25 Year old Jayne Clason only took up wrestling 18 months ago and now she is poised to represent Scotland at the Commonwealth Games in Delhi in October. Jayne even has an eye on a medal in the 55kg weight category, if she can replicate her form from the Commonwealth Championships last December, where she won a bronze medal against strong opposition. Jayne describes this success as the highlight of her sporting career so far.
Indeed it was this outstanding performance that has led her to be named as the Clydesdale Bank Athlete of the Month for January and she will receive a cheque for £500 towards her competition and training costs. The scheme is being run by Commonwealth Games Scotland in conjunction with Clydesdale Bank as part of their programme of support to Team Scotland and is open to athletes in any of the 17 participating sports who are eligible to represent Scotland at next year’s Games in Delhi.
“This is the first award of any kind that I have won, said Jayne so I am absolutely delighted. I need some new wrestling boots which can cost between £100-£200 for good ones, along with other training kit so the money will be really useful as I can only work part-time as a gym assistant to fit round my training and competitions.”
Wrestling for women is making its Commonwealth Games debut in Delhi. It is a big sport in India and one in which they have targeted significant medal success. However Scotland also hopes to field some strong opposition, mainly thanks to a talent transfer scheme initiated by the Scottish Wrestling Association and following the principles of the talent programme being developed by the sportscotland institute of sport, which has seen Jayne along with four other girls switch from the sport of judo where they also enjoyed considerable success.
“I took up judo when I was just four years old”, said Jayne. “My dad coached the local club and so it was natural to get involved.” Black belt Jayne went on to compete at both Scottish and British level and also won a Commonwealth Championship bronze medal in judo. However two years ago, the qualified hairdresser from Grangemouth, was persuaded by her judo pals to give wrestling a go and she has not looked back.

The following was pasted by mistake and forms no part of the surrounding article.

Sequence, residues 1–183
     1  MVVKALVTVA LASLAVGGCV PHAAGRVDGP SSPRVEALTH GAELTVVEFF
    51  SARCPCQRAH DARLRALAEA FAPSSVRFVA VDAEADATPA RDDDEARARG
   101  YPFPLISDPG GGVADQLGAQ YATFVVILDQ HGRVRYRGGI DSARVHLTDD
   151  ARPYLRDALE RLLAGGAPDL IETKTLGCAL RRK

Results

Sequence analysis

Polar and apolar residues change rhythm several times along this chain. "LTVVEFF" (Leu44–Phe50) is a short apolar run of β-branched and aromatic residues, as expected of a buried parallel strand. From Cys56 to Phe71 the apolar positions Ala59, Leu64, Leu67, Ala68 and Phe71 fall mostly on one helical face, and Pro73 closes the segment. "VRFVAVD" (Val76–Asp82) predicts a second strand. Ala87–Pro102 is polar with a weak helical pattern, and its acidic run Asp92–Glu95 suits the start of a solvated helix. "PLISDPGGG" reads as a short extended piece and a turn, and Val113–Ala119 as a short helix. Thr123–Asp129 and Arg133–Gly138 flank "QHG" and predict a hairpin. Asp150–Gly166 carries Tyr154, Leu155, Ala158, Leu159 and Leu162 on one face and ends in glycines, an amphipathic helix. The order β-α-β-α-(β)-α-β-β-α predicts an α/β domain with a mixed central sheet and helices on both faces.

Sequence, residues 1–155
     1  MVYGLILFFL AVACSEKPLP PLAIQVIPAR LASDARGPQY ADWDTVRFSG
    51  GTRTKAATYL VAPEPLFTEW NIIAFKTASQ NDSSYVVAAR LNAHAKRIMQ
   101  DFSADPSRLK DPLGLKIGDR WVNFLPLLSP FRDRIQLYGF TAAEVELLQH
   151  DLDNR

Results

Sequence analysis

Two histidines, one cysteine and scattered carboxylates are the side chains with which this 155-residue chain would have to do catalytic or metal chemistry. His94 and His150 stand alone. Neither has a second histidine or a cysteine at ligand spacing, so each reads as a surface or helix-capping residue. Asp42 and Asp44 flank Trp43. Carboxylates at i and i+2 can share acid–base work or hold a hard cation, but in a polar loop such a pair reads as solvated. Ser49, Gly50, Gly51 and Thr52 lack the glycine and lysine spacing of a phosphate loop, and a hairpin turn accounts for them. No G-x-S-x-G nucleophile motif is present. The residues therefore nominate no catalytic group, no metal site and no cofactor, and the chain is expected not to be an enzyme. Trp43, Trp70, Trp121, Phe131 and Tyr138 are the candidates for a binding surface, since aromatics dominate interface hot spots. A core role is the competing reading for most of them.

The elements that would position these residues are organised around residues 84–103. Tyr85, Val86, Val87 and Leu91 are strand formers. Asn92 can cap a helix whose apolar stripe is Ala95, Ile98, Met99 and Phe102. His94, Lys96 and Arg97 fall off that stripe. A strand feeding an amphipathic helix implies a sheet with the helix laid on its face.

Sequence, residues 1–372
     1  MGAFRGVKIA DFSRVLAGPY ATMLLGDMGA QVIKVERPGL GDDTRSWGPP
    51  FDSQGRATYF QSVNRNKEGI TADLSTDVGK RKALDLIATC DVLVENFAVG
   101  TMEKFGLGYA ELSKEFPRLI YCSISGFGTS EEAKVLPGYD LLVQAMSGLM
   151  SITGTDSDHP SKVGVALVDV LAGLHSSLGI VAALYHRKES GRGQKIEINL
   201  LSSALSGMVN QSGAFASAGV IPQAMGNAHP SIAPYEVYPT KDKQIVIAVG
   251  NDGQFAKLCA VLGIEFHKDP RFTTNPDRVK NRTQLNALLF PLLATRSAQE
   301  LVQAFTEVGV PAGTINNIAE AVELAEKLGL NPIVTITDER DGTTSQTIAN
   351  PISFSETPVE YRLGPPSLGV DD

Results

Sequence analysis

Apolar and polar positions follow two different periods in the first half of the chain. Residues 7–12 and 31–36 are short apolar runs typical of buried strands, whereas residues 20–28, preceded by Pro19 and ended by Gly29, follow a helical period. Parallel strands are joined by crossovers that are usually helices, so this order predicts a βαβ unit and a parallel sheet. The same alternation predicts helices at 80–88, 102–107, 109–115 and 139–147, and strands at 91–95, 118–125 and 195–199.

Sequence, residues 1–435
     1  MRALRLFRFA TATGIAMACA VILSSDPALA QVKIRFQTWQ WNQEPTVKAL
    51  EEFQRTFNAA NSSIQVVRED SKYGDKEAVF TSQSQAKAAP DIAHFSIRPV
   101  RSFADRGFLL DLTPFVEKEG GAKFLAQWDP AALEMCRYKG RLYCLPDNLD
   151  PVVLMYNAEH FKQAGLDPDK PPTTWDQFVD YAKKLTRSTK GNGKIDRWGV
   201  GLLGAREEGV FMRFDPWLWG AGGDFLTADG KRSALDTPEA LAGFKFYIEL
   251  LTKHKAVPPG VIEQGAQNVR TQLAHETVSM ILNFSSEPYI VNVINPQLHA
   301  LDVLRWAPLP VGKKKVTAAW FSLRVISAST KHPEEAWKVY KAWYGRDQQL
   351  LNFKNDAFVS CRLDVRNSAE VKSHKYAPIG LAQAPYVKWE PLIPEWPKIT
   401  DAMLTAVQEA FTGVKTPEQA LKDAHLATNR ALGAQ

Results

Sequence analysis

“The sports are quite similar. You just have to adjust your technique a bit and remember that arm locks and strangles aren’t allowed in wrestling. The outfits are different and I now wear a lycra singlet instead of a judo suit which covers you from head to toe and gives you something to grab hold of. The lycra singlet is quite slippery and makes it difficult to bring your opponent down. Also in wrestling, you fight in a circle rather than the judo square and the mats are a bit softer.”
“Wrestling is a physically exhausting sport which has three two minute rounds with only a 30 second break in between. To win the match you must win two of the three rounds by scoring more points than your opponent in each round. Alternatively pinning your opponent’s shoulders down firmly on the mat for one seconds can decide the match outright.”
So to ensure she is in the best possible shape Jayne’s training involves five two hour sessions on the mat each week overseen by Ukranian coach Volodymyr Gladkov at Palace of Art in Glasgow. This is complemented by several strength and conditioning training sessions each work organised by the Central Scotland Institute of Sport along with medical and physiotherapy support if required.
Having won medals at both the British and Commonwealth Championships so far this season Jayne only needs to do well at one final competition in Glasgow later in the year to secure her place on Team Scotland.
“I would love to go to Delhi as part of the team, I just can’t wait”, said Jayne. “I enjoyed going to India in December for the Commonwealth Championships. It was really good experience and despite all our concerns we all kept fit and healthy and competed really well with the Scots winning five medals in total – the most we have ever won at these Championships.”
So will Jayne be tempted to switch back again in 2014 when judo makes a return to the sports programme? “No I am going to concentrate on wrestling”, she says firmly. “Wrestling is a much better fit for me. Whilst the basics are the same as judo the techniques involved in wrestling are better suited to my style. But it would certainly be fantastic to compete in front of my friends and family in Glasgow in 2014.”
Clydesdale Bank’s support helps to ensure that athletes training and competing at this level will benefit from extra financial support to help them achieve their goals. The award scheme is a great additional incentive to the athletes as they strive to deliver top performances over the next ten months to book their place on the team.